|Cognates (45):||Greek edó (I eat), Doric edóda (food, eating)|
|Latin edere (to eat)|
|Common Celtic *itó (I eat), - can be a result
of PIE *pit- ? >
Old Irish ithim (I eat), Irish Gaelic ith (to eat)
|Common Germanic *et- (to eat), >
Gothic itan, Old Frankish & Old Swedish & Old English etan, Old High German essan, Middle English ete;
Swedish ata, Icelandic eta, German essen, Afrikaans eet, Dutch eten, Frisian ite, Faroese eta
|Avestan ad- (to eat)|
|Sanskrit admi (I eat), atti (he eats)|
|Thracian esko- (to eat)
Armenian utem (I eat)
|Common Anatolian *ed- (to eat), >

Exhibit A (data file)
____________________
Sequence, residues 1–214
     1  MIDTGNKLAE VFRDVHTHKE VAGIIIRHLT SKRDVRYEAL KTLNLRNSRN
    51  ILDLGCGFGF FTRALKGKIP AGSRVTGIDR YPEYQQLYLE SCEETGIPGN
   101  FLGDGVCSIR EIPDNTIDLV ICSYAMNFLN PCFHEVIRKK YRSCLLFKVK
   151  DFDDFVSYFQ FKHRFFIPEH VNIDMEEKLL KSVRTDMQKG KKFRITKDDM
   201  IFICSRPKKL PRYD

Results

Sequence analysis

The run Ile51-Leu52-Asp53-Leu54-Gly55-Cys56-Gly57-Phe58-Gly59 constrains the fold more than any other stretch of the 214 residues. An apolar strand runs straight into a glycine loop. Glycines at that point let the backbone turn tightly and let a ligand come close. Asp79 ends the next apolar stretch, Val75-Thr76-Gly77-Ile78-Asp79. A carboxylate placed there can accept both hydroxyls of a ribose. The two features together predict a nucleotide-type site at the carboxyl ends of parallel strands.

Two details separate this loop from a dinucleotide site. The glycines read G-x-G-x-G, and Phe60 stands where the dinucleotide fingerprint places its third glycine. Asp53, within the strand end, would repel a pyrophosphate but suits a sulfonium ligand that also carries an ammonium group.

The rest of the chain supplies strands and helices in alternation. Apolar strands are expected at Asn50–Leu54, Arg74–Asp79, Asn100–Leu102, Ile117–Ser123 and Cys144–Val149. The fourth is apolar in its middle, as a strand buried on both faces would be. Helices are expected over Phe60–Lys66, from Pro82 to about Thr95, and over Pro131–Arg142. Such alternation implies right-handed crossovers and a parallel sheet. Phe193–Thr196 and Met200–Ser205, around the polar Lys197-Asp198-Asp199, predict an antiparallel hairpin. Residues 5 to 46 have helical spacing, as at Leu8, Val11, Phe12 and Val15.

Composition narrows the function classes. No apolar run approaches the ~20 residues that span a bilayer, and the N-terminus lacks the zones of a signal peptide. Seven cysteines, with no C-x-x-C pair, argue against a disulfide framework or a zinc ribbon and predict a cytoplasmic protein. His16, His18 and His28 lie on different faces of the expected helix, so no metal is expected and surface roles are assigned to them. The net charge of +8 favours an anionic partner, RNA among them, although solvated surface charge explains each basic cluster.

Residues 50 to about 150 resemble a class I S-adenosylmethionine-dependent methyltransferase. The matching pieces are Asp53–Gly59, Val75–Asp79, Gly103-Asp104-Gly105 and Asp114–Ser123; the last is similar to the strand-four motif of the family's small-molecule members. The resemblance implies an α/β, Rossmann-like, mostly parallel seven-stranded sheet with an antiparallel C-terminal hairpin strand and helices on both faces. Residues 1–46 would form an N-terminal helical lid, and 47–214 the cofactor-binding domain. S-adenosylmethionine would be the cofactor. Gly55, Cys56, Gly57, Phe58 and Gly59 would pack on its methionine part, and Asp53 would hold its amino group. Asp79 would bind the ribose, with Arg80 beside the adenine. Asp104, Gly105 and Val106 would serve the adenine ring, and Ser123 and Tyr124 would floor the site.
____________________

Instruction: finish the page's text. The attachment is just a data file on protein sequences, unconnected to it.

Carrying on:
Hittite at-, Nesian et-, ud-, Palaic ata, Luwian at-
|Common Baltic *e.sti (to eat), >
Lithuanian e.sti (to eat), Latvian est, Old Prussian íst, Sudovian éstun, ést
|Common Slavic *esti (to eat), *edmi
(I eat), >
Old Church Slavonic jasti, Ukrainian isti (to eat), Belorussian esci, Bulgarian jam (I eat), Macedonian jadam (I eat), Serbo-Croatian & Slovene jesti, Czech jísti, Slovak jest', Polish jes'c', Sorbian jesc, Russian jest' (to eat), jem (I eat).
|Notes:||An ancient athematic verb, together with 'to be', 'to do',
'to give' is one of the most important verbs in all Indo-European languages.
Sociolinguistics states that all most common words in the language are always short - the
same goes with this word.
The supporters of the Nostratic theory find the traces of the same stem in Uralic and Altaic languages, which is one more proof that maybe it was one of the first verbs born by the humanity.